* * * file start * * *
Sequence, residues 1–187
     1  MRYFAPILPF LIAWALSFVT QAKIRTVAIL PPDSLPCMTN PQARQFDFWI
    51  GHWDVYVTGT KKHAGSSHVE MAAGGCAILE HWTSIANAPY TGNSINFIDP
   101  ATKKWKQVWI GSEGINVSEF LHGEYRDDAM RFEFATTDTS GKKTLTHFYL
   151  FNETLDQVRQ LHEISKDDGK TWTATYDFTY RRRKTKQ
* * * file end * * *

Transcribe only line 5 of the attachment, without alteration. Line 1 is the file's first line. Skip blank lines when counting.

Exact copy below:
   151  FNETLDQVRQ LHEISKDDGK TWTATYDFTY RRRKTKQ